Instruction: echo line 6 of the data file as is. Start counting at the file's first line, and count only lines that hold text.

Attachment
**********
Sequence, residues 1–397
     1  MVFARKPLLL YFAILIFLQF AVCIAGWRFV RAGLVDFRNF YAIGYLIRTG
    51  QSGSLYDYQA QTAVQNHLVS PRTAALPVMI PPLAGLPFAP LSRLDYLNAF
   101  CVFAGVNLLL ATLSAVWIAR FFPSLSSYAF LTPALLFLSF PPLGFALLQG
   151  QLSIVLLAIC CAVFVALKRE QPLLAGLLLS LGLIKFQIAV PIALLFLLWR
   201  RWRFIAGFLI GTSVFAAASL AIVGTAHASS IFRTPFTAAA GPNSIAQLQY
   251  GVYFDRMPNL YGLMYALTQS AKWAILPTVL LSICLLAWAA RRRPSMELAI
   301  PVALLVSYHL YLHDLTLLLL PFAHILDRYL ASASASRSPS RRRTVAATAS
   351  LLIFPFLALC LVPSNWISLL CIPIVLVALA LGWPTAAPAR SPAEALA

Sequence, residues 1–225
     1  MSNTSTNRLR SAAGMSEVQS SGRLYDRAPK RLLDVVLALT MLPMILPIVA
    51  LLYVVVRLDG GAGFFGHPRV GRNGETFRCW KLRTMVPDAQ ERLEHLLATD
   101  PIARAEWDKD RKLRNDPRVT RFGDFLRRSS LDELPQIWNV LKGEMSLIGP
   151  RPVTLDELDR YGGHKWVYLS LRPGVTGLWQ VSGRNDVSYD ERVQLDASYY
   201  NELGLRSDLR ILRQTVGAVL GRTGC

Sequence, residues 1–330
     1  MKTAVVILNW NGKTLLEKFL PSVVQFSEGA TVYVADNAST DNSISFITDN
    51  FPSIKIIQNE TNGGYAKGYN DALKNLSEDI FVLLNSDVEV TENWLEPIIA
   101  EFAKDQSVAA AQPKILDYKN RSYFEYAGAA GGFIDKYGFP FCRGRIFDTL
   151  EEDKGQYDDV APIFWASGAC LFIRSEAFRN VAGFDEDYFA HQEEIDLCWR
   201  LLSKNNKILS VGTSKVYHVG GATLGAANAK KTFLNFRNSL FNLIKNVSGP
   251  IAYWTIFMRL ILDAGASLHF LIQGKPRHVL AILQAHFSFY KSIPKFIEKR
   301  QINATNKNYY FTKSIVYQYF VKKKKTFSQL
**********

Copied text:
   201  RWRFIAGFLI GTSVFAAASL AIVGTAHASS IFRTPFTAAA GPNSIAQLQY